January 1829-September 1831

The Collected Letters, Volume 5


TC TO GUSTAVE D'EICHTHAL; 9 August 1830; DOI: 10.1215/lt-18300809-TC-GE-01; CL 5:134-139.


Craigenputtoch, near Dumfries, Scotland, 9 August, 1830.

My Dear Sir,

Some three weeks ago, a packet of Books arrived here, accompanied with a Letter addressed A l'Auteur de l'Article intitulé, Caractère de notre Epoque, the whole perfectly uninjured, the Books complete according to the List sent with them.1 Being actually the writer of that Paper, headed Signs of the Times, in the Edinburgh Review, there referred to, I cannot but cheerfully accept this present: by what route it came hither I shall perhaps learn by and by.

Allow me to express, to yourself and the Saint-Simonian Society,2 my friendly acknowledgments for the interest you take in my inquiries; my true satisfaction that these views of mine find some acceptance with you. Here too, in favour of that same Material and Mechanical Disposition of our age, against which so much is objected, be it thankfully admitted and considered that, by means of it and of its physical triumphs, the thoughts of a solitary man, which he casts forth silently into the stream of things, can travel onward over seas to distant Capitals; and in due time, bring him back, to his remote Scottish granite-mountains, a brotherly response.

Pursuant to your directions, I have looked over these Writings, with such leisure and composure as I could command; well purposing to investigate the matter farther, as I have opportunity. The announcement you make is wonderful enough: but I have long since learned that the Wonderful is not always the False; that it is a good rule ‘to look at the Wonderful with one's own eyes.’ Could I have fancied, in 1825, that among the Palais-Royals and Cafés et deux Billards of your gay City, there was an Apostolic Society, cherishing within it a New Religion, endeavouring, with philosophic insight, earnestly and with considerate zeal, to propagate the same, one of my first attempts would have been to obtain some personal Knowledge of you.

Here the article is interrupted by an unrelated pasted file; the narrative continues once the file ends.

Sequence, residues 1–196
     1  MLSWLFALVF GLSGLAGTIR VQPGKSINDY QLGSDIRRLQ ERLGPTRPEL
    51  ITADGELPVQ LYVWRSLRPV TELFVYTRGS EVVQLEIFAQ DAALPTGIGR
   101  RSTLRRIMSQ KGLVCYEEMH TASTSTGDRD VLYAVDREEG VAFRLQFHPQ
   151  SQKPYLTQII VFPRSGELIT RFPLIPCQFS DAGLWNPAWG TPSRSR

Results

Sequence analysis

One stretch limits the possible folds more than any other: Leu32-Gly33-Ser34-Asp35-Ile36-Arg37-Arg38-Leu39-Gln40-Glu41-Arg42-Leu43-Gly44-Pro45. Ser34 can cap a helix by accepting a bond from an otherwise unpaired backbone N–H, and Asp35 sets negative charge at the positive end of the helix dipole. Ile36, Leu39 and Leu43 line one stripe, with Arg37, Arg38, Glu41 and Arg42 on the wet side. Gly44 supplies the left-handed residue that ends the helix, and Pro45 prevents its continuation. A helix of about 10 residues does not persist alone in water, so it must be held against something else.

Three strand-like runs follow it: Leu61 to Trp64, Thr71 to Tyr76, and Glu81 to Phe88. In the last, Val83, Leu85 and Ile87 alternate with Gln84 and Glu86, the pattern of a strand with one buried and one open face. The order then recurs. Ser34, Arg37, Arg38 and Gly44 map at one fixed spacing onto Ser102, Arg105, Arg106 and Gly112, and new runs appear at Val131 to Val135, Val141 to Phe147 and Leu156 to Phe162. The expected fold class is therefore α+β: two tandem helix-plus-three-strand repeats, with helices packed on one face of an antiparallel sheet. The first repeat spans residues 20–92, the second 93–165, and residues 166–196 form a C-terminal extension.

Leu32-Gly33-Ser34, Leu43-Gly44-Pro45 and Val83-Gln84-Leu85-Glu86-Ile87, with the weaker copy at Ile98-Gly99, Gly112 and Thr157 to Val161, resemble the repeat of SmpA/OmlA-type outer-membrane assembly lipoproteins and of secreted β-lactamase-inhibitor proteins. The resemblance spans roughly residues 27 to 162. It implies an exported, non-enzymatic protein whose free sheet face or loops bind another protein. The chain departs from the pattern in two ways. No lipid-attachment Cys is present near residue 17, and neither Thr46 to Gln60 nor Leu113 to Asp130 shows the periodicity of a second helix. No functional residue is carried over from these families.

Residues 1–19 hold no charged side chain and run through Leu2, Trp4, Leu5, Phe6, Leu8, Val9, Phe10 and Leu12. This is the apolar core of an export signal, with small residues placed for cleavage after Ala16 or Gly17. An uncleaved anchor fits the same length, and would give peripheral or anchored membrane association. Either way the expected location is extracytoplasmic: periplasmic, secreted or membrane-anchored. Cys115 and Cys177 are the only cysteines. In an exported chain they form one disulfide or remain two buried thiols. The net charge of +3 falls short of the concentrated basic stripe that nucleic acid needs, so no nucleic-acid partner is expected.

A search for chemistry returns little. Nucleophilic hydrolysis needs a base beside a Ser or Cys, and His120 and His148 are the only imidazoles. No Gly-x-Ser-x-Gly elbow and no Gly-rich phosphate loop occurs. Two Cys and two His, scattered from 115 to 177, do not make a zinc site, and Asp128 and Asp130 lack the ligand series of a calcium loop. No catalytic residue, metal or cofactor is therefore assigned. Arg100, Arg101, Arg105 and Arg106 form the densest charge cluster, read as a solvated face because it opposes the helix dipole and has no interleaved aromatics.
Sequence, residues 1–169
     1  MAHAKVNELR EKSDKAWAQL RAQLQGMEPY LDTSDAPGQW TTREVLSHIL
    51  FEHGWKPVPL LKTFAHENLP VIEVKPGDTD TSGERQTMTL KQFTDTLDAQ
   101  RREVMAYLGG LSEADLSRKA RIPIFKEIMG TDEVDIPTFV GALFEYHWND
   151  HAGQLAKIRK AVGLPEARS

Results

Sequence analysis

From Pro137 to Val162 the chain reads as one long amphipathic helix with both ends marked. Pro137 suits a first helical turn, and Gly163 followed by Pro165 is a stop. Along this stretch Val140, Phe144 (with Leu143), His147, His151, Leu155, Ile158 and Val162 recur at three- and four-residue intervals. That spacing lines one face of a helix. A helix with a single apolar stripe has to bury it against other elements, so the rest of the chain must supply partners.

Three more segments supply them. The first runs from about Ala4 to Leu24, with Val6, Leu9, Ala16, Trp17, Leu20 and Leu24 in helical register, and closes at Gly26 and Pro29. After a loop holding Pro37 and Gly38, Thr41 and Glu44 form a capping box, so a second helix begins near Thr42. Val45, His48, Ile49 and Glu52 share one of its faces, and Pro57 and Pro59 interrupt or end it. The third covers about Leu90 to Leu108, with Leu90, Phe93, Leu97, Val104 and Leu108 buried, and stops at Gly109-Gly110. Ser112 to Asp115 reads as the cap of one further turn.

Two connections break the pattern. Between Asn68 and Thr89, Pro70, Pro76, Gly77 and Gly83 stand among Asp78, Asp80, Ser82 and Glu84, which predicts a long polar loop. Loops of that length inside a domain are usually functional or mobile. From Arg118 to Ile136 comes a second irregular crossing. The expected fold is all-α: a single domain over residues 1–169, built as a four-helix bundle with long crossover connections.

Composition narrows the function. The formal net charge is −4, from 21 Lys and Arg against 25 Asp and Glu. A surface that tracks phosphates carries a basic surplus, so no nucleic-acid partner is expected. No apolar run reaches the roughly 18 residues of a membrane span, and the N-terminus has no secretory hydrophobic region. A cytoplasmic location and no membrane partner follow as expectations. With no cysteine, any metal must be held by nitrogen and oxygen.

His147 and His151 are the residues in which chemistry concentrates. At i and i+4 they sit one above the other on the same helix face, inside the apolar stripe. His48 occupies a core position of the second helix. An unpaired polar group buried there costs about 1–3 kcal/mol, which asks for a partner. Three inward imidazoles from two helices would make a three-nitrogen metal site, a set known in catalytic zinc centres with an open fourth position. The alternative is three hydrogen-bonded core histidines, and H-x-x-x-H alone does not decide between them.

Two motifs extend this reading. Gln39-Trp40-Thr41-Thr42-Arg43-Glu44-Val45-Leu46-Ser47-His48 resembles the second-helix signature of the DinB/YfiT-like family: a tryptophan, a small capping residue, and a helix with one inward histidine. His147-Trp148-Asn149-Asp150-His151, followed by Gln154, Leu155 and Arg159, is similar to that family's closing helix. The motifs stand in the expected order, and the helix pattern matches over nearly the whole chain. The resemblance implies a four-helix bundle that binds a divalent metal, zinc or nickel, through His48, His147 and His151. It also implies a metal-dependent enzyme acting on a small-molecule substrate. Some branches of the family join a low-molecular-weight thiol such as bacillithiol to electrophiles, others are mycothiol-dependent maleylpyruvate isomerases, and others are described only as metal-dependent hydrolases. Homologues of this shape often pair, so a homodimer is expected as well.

In these Books of your Society, which for most part were new to me, I find little or nothing to dissent from: the spirit at least meets my entire sympathy—the opinions also are often such as I, in my own dialect, have been accustomed to cherish, and more or less clearly enunciate. That the last century was a period of Denial, of Irreligion and Destruction; to which a new period of Affirmation, of Religion, must succeed, if Society is to be reconstituted, or even to continue in existence: this with its thousand corollaries is a proposition for which the thinking minds of all nations are prepared. No less true is it that as Religion is the only bond and life of societies, so the only real Government were a Hierarchy: nay either a Hierarchy or Heresiarchy it now is, and must ever be; our real Governors in this age are, not the Capets and Guelfs, but Pope Voltaire, Bishop Hume, Bishop Smith, Archdeacon Helvetius, and the like, with their thousand Newspaper Curates; to whom all Kings and Premiers and Field-Marshals are but the sacristans and pew-openers,—hired, indeed, at a quite mad rate of wages, and doing their work ill.3